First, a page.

The authors call for further studies to investigate whether these differences become more marked as the study population ages. They believe continued followup will lead to a better understanding of the known geographic variability in stroke morbidity and mortality.

More details are in "Regional disparities in the incidence of elevated blood pressure among young adults: The CARDIA study," by Dr. Kiefe, O. Dale Williams, Ph.D., Diane E. Bild, M.D., M.P.H., and others, in Circulation 96(4), pp. 1082-1088, 1997.

Health status questionnaire accurately assesses changes over time in quality of life after elective surgery

One multidimensional measure of health status can capture changes in health-related quality of life (HRQL) after elective surgery and help assess a person's need for in-home services after hospital discharge, according to a study supported by the Agency for Health Care Policy and Research (HS06573). The Short Form Health Survey (SF-36) questionnaire, for example, found that patients undergoing hip arthroplasty, thoracic surgery, or abdominal aortic aneurysm repair had worse physical function and more role limitations due to health problems 1 month after surgery than they had prior to surgery. However, by 6 months after surgery, the majority of patients experienced significant gains in most health dimensions, and these were sustained 1 year after surgery.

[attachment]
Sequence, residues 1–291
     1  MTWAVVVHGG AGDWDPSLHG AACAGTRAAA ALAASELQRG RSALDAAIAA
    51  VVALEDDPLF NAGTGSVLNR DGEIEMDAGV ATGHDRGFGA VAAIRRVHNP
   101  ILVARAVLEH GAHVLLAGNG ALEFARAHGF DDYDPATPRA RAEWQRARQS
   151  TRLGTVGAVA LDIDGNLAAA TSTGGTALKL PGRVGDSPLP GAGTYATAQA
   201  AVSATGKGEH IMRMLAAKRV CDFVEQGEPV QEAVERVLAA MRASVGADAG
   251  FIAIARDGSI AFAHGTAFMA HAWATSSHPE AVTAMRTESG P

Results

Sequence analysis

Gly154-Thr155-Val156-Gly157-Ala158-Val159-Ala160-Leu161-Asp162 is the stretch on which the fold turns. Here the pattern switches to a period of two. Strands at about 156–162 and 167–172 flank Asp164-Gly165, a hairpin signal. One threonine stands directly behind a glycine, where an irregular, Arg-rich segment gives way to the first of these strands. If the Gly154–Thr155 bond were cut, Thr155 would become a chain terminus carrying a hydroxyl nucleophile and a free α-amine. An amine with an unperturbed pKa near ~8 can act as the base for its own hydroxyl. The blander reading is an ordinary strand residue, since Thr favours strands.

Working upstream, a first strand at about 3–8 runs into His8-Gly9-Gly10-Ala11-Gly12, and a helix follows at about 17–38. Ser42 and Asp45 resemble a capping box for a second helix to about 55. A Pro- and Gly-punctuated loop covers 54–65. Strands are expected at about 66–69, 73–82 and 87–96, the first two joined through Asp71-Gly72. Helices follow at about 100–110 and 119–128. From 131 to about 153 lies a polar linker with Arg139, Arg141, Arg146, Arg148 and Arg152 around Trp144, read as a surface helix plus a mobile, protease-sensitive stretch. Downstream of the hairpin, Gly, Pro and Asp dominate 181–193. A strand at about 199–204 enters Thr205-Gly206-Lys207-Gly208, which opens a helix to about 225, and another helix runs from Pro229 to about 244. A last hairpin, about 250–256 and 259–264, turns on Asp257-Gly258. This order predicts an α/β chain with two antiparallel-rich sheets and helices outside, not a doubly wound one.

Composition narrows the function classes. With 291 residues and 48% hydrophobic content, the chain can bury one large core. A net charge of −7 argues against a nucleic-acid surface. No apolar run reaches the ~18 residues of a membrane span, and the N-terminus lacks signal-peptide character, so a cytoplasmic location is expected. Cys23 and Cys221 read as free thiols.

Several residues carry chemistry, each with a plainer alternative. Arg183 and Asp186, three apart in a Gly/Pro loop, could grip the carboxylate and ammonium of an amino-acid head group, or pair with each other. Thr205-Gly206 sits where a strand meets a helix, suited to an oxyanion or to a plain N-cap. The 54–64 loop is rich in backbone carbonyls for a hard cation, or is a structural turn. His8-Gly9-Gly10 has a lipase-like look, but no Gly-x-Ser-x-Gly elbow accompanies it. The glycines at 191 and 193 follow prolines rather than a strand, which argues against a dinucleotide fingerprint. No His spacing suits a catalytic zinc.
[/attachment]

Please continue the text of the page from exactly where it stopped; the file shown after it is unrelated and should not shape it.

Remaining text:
The SF-36 assesses health status in eight areas: health perception, bodily pain, physical function, physical role, social function, emotional role, mental health, and vitality. How much each of these areas changes depends on the type of surgery and timing of followup after surgery. For instance, for total hip arthroplasty patients, responsiveness was greatest for the SF-36 scales that measure physical constructs. However, for patients undergoing the other two procedures, all eight areas changed significantly at various points of recovery.

The SF-36 moderately correlated with other indicators of physical function and health perception measured by other instruments used in the study. The patterns of change and consistency of results with other instruments suggest that differences detected with the SF-36 are valid, conclude Thomas Lee, M.D., of Harvard Medical School, Lee Goldman, M.D., M.P.H., of the University California, San Francisco School of Medicine, and their colleagues. They analyzed responses given by 528 adult patients admitted for the three elective surgeries to the SF-36, the Specific Activity Scale, five validated health transition questions, and a 0-to-100 scale measure of global health at 1, 6, and 12 months after surgery.

See "Health-related quality of life after elective surgery," by Carol M. Mangione, M.D., M.S.P.H., Dr. Goldman, E. John Orav, Ph.D., and others, in the November 1997 Journal of General Internal Medicine 12, pp. 686-697.

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Health Care Delivery

Patients' treatment preferences reflect the value they place on different health outcomes

Patients' choices for life-sustaining treatments are generally consistent with their preferences for different health conditions, and this relationship remains consistent over time. When these preferences are inconsistent, it is for understandable reasons, according to a study supported in part by the Agency for Health Care Policy and Research (HS06343).